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Ten Steps Toward Sexual Freedom- Part 2


6. Forgive Yourself
Forgiving everyone else, but harboring resentment toward yourself isn’t going to fully sever any soul ties.  If you truly want to be free, you have to extend forgiveness toward the one your choices have hurt the most – yourself.  If you’re like me, you were really just a little girl trapped in a grown woman’s body when you experienced all those sexual encounters.  Forgive that little girl for being so hungry for attention and affection.  Give her what her heart’s been yearning for all along – unconditional love and acceptance.
7. Create a “No Contact” Rule
The worst thing you can do is go down your list and try to contact all of those old partners, even if it’s under the guise of “asking forgiveness” from them.  That makes about as much sense as an alcoholic returning to all of his favorite bars to say to the bartenders, “I’m sorry I came in here.  I’m not going to drink anymore.”  The bartender is thinking, Oh yeah, so why are you here?  If you’re really serious about cutting all soul ties, you’ll let go of any need you feel to reconnect with previous partners, regardless of how noble your reasons for wanting to do so may seem.
8.Create a “No Comparison” Rule
Forgive me if you’re offended by my conservative values, but if we weren’t legally married to the people we previously had sex with, we had no business having sex with them.  And we certainly have no business dragging a boatload of soul ties and sexual baggage into the bedroom we share with our husbands.  Commit to avoiding all comparisons of your husband to past partners – mentally, emotionally, physically, or spiritually.  Allow your husband to be the unique individual that he is, not the lesser version of someone else you’ve known.
9. Keep Your Slate Clean
Now that you’re aware of just how much residue remains after an inappropriate relational encounter, avoid deep emotional connections with any man you aren’t married to.  Establish firm boundaries in your work and social relationships such that you don’t find yourself in the middle of an emotional or sexual affair ever again.
10. Forget Intensity and Focus on Intimacy
Maybe these suggestions make you feel as if you are going on an emotional starvation diet.  Not reconnect with old male boyfriends?  Not flirt with my male co-workers?  Not meet new men in chat rooms?  Can’t I have any fun?  Yes, you can, but not at your own heart’s expense, which is ultimately what happens when we create soul ties with inappropriate people.  I know that such relational trysts create a lot of intensity, but intensity doesn’t last.  Intimacy does.  Focus on getting to know your spouse even better than you already do, and knowing yourself better.  Invest your energies into spicing up your own love life rather than trying to create a new one.  And when you are successful, your level of sexual confidence will soar!
Perhaps you’re reading these steps toward sexual freedom and thinking, There’s no way I can be that honest with myself!  I don’t think I want to know the real truth because the truth hurts!  Indeed, facing the truth can hurt, but not nearly as much as ignoring it and letting history repeat itself.

Miss Part Of The Series?
Part 1


by Shannon Ethridge. Copyright 2008.  All Rights Reserved. Published by Random House Inc, New York, NY. Used by Permission. Not to be copied without Publisher’s prior written approval.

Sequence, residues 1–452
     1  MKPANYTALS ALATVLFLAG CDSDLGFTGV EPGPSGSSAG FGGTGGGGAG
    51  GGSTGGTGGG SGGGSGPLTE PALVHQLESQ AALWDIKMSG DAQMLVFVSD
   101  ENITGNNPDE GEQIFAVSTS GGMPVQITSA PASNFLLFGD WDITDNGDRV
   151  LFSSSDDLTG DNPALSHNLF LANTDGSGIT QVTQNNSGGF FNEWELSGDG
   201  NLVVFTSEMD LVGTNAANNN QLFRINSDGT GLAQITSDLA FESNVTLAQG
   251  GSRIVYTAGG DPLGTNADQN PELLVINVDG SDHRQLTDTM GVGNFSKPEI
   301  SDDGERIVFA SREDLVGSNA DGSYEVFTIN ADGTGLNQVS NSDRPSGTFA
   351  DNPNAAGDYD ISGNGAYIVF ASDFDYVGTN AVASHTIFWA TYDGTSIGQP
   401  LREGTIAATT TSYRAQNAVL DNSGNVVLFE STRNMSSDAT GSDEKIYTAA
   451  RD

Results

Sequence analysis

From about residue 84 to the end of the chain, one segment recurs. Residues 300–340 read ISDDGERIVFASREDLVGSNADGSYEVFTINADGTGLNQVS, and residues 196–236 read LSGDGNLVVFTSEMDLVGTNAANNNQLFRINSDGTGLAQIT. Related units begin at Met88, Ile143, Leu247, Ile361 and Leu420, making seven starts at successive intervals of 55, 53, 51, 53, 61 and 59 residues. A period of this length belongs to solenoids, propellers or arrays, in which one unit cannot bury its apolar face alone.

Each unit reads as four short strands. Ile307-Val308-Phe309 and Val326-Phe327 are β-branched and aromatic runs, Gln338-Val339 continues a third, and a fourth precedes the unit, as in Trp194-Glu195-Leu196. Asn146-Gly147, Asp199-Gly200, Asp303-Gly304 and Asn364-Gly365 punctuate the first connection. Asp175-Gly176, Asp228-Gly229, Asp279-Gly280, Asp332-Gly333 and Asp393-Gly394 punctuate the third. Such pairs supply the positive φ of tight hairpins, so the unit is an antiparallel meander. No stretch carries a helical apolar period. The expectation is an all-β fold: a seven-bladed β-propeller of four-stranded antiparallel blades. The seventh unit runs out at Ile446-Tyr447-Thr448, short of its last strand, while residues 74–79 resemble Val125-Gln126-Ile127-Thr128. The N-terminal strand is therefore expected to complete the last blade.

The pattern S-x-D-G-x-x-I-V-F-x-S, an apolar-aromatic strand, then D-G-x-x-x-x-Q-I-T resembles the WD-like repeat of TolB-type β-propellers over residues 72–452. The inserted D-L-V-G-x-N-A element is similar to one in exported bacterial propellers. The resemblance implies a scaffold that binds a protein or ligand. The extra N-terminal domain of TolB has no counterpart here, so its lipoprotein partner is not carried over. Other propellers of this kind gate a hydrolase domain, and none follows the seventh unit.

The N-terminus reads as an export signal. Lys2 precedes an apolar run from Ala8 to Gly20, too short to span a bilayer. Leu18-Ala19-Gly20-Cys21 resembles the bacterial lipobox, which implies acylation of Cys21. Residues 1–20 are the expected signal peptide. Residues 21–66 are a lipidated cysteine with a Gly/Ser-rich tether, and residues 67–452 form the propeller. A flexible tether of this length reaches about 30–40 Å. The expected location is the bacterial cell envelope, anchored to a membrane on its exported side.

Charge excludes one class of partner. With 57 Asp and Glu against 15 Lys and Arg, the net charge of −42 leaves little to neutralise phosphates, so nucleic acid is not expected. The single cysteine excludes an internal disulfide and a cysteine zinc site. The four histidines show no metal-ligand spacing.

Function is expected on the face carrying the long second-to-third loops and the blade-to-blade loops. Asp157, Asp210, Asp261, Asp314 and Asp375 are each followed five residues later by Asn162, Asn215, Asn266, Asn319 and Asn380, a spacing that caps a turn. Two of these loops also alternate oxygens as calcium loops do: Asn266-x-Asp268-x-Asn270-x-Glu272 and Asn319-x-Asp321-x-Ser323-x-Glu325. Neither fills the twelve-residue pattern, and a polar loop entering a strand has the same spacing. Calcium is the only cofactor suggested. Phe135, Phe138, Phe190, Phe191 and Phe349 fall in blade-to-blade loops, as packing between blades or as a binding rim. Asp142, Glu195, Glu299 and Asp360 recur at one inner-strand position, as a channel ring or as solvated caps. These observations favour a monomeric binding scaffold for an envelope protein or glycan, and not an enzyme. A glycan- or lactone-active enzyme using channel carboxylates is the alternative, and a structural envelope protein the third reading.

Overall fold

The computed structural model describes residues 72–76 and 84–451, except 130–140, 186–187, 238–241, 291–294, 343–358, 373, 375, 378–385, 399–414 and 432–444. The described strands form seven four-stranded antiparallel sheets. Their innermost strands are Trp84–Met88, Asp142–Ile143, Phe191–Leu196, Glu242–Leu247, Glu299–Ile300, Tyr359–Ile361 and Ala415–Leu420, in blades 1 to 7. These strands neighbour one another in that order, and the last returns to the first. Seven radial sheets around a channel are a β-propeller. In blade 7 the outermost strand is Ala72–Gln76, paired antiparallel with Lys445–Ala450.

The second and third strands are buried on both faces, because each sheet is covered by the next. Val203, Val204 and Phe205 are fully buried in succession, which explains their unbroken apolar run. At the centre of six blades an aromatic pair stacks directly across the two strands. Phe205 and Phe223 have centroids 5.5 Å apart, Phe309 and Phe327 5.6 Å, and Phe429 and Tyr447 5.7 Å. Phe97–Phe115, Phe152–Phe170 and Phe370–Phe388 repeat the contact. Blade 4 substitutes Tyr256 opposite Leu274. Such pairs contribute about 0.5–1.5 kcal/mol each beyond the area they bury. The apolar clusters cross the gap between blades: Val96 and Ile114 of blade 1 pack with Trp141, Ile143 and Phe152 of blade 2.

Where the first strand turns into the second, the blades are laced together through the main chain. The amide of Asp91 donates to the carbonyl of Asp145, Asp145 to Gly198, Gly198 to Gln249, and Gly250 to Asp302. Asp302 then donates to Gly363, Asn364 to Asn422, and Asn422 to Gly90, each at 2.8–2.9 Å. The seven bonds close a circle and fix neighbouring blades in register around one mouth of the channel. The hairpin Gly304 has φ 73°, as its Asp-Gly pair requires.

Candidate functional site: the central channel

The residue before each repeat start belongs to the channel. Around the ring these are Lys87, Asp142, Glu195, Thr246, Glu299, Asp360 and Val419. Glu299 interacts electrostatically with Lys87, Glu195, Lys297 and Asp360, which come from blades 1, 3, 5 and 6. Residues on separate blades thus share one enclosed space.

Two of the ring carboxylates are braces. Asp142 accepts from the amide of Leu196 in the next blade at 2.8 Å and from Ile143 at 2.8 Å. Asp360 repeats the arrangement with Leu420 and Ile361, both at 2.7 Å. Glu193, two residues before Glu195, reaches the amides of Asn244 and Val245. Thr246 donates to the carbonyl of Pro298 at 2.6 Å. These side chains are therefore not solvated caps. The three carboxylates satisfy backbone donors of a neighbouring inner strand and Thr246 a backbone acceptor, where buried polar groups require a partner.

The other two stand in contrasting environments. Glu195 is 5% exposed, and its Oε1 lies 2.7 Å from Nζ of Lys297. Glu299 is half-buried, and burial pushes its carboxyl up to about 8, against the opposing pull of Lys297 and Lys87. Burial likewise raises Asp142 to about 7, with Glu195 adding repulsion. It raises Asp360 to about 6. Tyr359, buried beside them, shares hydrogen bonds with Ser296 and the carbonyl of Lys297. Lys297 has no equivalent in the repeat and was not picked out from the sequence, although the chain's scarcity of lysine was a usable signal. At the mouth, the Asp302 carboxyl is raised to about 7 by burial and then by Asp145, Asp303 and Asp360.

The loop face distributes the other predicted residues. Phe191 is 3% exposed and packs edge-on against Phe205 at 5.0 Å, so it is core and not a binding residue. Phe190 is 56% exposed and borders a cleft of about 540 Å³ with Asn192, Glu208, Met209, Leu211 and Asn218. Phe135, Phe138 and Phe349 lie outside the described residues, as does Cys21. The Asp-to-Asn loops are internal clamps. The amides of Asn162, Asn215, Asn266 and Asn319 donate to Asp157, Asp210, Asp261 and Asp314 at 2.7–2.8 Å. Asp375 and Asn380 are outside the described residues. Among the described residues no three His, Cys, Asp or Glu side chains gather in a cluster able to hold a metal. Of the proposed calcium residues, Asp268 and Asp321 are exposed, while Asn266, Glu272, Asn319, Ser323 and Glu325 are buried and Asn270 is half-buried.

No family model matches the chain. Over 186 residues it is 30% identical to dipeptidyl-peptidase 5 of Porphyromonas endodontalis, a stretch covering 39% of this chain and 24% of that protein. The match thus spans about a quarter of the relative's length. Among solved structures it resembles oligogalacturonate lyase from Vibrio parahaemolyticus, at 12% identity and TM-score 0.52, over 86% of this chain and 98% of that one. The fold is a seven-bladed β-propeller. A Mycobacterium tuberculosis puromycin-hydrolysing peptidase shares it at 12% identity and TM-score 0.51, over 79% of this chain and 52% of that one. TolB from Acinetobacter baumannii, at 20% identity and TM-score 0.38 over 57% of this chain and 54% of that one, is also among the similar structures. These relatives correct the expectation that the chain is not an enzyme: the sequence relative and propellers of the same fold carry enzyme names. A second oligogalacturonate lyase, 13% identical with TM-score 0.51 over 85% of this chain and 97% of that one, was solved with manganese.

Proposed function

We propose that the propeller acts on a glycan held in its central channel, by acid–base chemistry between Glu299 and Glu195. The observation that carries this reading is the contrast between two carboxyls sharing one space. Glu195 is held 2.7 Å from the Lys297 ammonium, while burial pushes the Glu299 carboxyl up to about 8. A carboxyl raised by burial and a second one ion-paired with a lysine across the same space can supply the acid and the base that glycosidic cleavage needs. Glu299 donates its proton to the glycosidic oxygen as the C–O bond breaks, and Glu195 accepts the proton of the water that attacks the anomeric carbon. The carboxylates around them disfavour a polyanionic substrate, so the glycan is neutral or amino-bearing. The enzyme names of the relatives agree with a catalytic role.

Ten Steps Toward Sexual Freedom- Part 1

1. Admit that Your Sexual Identity Needs Reshaping
Nothing ever gets fixed as long as we deny that it’s broken.  Listen to your life.  Hear what your soul is trying to say.  Let your sexual choices and feelings guide you into a greater level of wisdom and self-understanding.  It’s okay to feel sexually broken or to have soul ties that still need cutting.  However, it’s not okay to stay there, ignoring your need for healing and freedom.


2. Make Your Own List

As painful as the process may be, a comprehensive list of all romantic pursuits and sexual encounters will reveal a great deal.  For each partner, ask yourself, “Why did I have sex with him?” or “Why was I romantically involved with that person at all?”  Work your way down the list one person at a time, making note of your responses.


3. Identify the Theme

Once your list is made, take an honest look at the big picture.  What common themes become evident?  What do most of these men (or women) have in common?  What does that tell you?


4. Learn the Lesson

Based on what you’ve learned so far, what revelations are you able to receive?  Do you recognize what it is that you’ve really been looking for?  What area of neediness have you been trying to satisfy through dysfunctional relationships?

How has that worked for you?


5. Forgive Others

While it’s easy to throw a stone at all of the people on our list for using or abusing us, we have to recognize that in many instances, we’ve taught them how to treat us.  It takes two to tango, and we all play a part in the dance of dysfunction.  A healthy woman wouldn’t have fallen prey to an unhealthy man’s schemes.  Ignoring our part and harboring resentment toward him for his part is like you drinking poison while hoping he dies.  Such bitterness does you no good.  Do yourself a favor.  Forgive the people on your list.  Declare that they don’t owe you anything.  Acknowledge that they were most likely in the same boat as you – seeking to medicate their own emotional pain while clueless as to what damage was really being done.



by Shannon Ethridge. Copyright 2008.  All Rights Reserved. Published by Random House Inc, New York, NY. Used by Permission. Not to be copied without Publisher’s prior written approval.